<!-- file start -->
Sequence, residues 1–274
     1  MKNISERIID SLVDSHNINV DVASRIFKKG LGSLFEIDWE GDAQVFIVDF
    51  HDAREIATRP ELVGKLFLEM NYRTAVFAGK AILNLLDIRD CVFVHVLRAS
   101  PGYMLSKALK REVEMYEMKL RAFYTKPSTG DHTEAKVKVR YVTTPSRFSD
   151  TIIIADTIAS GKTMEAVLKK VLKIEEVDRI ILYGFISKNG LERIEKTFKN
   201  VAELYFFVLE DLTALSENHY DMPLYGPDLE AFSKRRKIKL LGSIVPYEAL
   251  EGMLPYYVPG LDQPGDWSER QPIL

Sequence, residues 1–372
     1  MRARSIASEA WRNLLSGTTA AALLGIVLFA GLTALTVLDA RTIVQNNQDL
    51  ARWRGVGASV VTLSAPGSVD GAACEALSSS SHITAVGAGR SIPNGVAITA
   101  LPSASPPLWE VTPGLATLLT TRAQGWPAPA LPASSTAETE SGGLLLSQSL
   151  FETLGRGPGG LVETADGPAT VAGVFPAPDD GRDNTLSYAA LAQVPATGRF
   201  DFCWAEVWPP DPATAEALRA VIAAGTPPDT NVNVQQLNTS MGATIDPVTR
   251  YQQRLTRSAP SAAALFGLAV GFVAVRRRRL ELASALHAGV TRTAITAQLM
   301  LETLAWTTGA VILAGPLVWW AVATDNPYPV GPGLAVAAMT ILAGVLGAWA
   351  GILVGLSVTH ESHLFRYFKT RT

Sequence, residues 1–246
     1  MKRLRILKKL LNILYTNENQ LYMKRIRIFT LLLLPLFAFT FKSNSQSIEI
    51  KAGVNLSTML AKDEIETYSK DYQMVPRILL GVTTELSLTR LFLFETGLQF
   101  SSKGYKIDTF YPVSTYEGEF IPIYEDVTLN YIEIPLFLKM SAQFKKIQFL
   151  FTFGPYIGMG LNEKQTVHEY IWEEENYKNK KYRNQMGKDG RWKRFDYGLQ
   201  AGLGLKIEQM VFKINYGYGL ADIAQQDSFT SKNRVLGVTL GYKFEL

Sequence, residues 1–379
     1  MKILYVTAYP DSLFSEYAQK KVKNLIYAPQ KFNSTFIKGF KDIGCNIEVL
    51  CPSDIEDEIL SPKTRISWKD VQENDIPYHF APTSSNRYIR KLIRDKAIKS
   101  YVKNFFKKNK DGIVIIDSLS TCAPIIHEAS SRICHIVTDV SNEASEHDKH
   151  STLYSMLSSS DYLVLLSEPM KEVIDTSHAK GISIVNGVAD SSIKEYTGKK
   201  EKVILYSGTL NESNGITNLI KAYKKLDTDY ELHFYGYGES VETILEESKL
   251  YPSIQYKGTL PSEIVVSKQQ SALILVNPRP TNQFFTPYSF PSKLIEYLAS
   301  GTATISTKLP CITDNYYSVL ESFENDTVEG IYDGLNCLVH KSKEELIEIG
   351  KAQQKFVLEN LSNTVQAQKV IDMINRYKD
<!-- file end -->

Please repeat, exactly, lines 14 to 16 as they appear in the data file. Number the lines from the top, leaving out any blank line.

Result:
   251  YQQRLTRSAP SAAALFGLAV GFVAVRRRRL ELASALHAGV TRTAITAQLM
   301  LETLAWTTGA VILAGPLVWW AVATDNPYPV GPGLAVAAMT ILAGVLGAWA
   351  GILVGLSVTH ESHLFRYFKT RT